McDonald’s has missed sales targets partly due to boycotts against its products in some parts of the world over its perceived support for Israel, the company says.
The war on Gaza “meaningfully impacted” performance in the last quarter of 2023 in some regions, company officials said on Monday. Sales growth in the Middle East, China and India stood at 0.7 percent in the quarter, far below expectations.
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The fast food company is only one of several United States brands hit by boycotts and protests over their perceived support for Israel’s war on Gaza. On social media sites, lists are going around of brands accused of supporting Israel although the ties are often not clearly explained. The push is part of a larger Boycott, Divestment and Sanctions (BDS) campaign targeting Israel-friendly brands since 2005.
Here’s a breakdown of how some brands say they’ve been hit so far:
Fast food giant McDonald’s drew the ire of Israel’s critics, especially in the Middle East, when its Israel branch gave thousands of free meals to Israeli troops in October, the month the country launched its bombardment and ground offensive in Gaza, which have now killed more than 27,000 people.
Since October, campaigners have called for a boycott of the company around the world. The impact has been more pronounced in the Middle East, where at least 5 percent of McDonald’s franchises are registered. While the growth target for sales in the Middle East, India and China was set at 5.5 percent from October to December, the company achieved 0.7 percent growth — and likely saw its sales shrink in just the Middle East. Global sales grew by 3.4 percent in the same period, compared with 8.8 percent in the preceding quarter.
Franchises in Saudi Arabia, Oman, Kuwait, the United Arab Emirates, Jordan, Bahrain and Turkey issued statements distancing themselves from the free food campaign in Israel and collectively pledged aid worth $3m to Gaza.
Chief Executive Chris Kempczinski said the company is not expecting significant changes as long as the war persists. “It’s a human tragedy what’s going on, and I think that does weigh on brands like ours,” he said.
Last week, coffee chain Starbucks slashed its annual sales forecast after a slump in growth. The company now expects full-year sales – globally and in the US – to grow from 4 percent to 6 percent, down from its previous range of 5 percent to 7 percent.
CEO Laxman Narasimhan told journalists that Starbucks saw a “significant impact on traffic and sales” in the Middle East due to the war in Gaza. Sales also slowed in the US, where protesters have campaigned against the Seattle-based company, calling for it to take a stand against Israel.
Starbucks’s troubles started after Starbucks Workers United, composed of thousands of baristas across more than 360 US cafes, showed support for Palestinians in a post on X days after the Gaza war broke out. The post was deleted less than an hour later.
Starbucks sued the union in an Iowa court for trademark infringement, asking the union to stop using its name and a similar logo. The post reflected “support for Hamas” and had badly damaged the company’s reputation, Starbucks said in the suit, adding that it had received more than 1,000 complaint calls. The company also said some of its cafes were vandalised.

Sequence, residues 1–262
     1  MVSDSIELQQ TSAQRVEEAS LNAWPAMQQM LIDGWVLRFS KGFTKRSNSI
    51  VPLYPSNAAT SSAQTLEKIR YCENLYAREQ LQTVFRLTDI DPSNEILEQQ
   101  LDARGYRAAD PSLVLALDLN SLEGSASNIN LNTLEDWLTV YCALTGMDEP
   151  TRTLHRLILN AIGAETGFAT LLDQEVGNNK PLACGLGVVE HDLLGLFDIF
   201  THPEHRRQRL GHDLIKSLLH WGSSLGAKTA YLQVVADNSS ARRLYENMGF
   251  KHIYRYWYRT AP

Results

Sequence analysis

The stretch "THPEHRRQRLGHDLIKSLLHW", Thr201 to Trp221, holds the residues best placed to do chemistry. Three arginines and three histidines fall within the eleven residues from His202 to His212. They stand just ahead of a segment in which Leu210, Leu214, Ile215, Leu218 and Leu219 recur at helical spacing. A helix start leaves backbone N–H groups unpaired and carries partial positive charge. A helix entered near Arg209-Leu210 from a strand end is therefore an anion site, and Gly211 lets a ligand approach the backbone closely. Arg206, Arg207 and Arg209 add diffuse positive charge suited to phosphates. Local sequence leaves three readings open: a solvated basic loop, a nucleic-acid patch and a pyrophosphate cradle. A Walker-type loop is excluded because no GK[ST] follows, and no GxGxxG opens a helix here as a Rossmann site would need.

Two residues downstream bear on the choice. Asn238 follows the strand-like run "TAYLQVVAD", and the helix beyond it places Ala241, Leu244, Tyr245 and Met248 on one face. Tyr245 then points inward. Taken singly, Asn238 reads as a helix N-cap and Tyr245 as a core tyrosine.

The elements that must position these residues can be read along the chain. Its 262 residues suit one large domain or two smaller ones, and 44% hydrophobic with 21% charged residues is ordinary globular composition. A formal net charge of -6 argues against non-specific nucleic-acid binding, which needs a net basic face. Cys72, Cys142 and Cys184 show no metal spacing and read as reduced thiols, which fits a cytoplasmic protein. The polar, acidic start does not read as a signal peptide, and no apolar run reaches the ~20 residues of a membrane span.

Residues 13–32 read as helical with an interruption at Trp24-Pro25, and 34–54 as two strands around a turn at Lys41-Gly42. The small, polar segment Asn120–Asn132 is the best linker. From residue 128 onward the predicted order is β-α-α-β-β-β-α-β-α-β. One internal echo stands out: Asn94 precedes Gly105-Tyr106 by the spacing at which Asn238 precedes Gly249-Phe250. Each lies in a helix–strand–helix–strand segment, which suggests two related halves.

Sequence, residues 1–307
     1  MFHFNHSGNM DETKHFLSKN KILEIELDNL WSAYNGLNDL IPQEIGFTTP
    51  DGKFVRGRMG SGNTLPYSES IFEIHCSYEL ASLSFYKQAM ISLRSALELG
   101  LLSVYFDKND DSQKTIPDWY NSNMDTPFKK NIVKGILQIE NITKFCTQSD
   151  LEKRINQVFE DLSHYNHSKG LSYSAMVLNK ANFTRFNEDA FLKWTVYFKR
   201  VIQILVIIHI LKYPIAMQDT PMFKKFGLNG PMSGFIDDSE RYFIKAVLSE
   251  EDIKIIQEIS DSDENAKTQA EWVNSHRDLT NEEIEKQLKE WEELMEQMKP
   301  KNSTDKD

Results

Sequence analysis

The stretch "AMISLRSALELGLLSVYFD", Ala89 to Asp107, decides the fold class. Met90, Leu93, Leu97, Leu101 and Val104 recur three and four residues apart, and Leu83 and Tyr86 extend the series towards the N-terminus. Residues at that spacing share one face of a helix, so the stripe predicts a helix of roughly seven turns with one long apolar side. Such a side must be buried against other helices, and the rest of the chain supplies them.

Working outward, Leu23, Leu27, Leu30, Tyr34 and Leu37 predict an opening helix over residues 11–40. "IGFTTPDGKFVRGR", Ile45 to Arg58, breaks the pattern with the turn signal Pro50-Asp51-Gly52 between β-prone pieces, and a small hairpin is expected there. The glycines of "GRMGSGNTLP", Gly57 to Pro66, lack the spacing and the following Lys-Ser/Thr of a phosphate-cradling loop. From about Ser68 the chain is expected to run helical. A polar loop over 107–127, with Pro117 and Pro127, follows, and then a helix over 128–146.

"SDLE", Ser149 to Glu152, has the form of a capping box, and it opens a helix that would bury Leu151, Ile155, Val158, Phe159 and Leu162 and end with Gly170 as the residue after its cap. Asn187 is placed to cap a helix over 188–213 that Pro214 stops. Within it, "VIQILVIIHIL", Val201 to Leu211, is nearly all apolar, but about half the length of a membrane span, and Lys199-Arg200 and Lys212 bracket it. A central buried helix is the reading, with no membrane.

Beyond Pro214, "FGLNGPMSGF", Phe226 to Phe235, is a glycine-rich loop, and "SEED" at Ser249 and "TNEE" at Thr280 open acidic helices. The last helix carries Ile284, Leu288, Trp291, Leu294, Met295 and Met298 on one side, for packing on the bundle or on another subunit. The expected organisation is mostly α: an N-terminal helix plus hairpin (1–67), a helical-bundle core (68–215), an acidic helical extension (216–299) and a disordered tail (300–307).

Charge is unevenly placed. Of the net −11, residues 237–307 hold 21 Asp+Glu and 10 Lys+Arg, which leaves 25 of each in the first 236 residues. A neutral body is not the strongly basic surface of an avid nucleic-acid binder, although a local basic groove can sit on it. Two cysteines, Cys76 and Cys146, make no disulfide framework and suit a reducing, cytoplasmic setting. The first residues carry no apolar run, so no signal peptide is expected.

The union countersued, asking a federal court in Pennsylvania to rule that it may continue to use the logo. It also accused Starbucks of defamation.
Both sides are engaged in ongoing, fraught negotiations on labour issues with the union demanding better pay and more consistent scheduling for workers.
Meanwhile, many people in Indonesia, the country with the world’s largest Muslim population, have been boycotting Starbucks and McDonald’s since the start of the war.
The fizzy drinks manufacturer has long been caught in the crossfire of conflict in the Middle East. From 1967 to 1991, Coke was officially boycotted by the Arab League for building a bottling plant in Israel.
Now again, the brand’s red logo is on lists of brands being circulated for boycotts on social media channels. The company does not appear to have set off any recent triggers, but its past affiliations with Israel as well as its reputation as an American company seem to be enough.
In November, Turkey’s parliament voted to remove the drink from the shops and restaurants on its grounds. Coke’s Turkey distributor reported a 22 percent drop in sales in the last quarter of 2023.
Meanwhile, in Egypt, the boycott of Coke and other American soft drinks has fuelled the revival of a 100-year-old local soda brand, Spiro Spathis, which has seen its sales surge.
Domino’s, a US-based pizza maker with franchises around the world, is also facing blowback. Social media posts said Domino’s also gave free food to Israeli soldiers although there’s no evidence to support the claims.
In Asia, the brand’s same-store sales dipped by 8.9 percent in the second half of 2023, mainly because consumers in Malaysia associate it with the US, an Israeli ally, a company official said.
Malaysians have rallied in their thousands to call for an end to Israel’s war in Gaza. Prime Minister Anwar Ibrahim’s office also announced in December that all Israeli-owned, Israeli-flagged or Israel-destined ships are banned from its docks. The country has no diplomatic ties with Israel.
“It’s well publicised that American brands in Asia, and I largely talk to Malaysia in this case, have been affected by what’s happening in the Middle East right now,” Don Meij, managing director for Domino’s Pizza Enterprises, told analysts.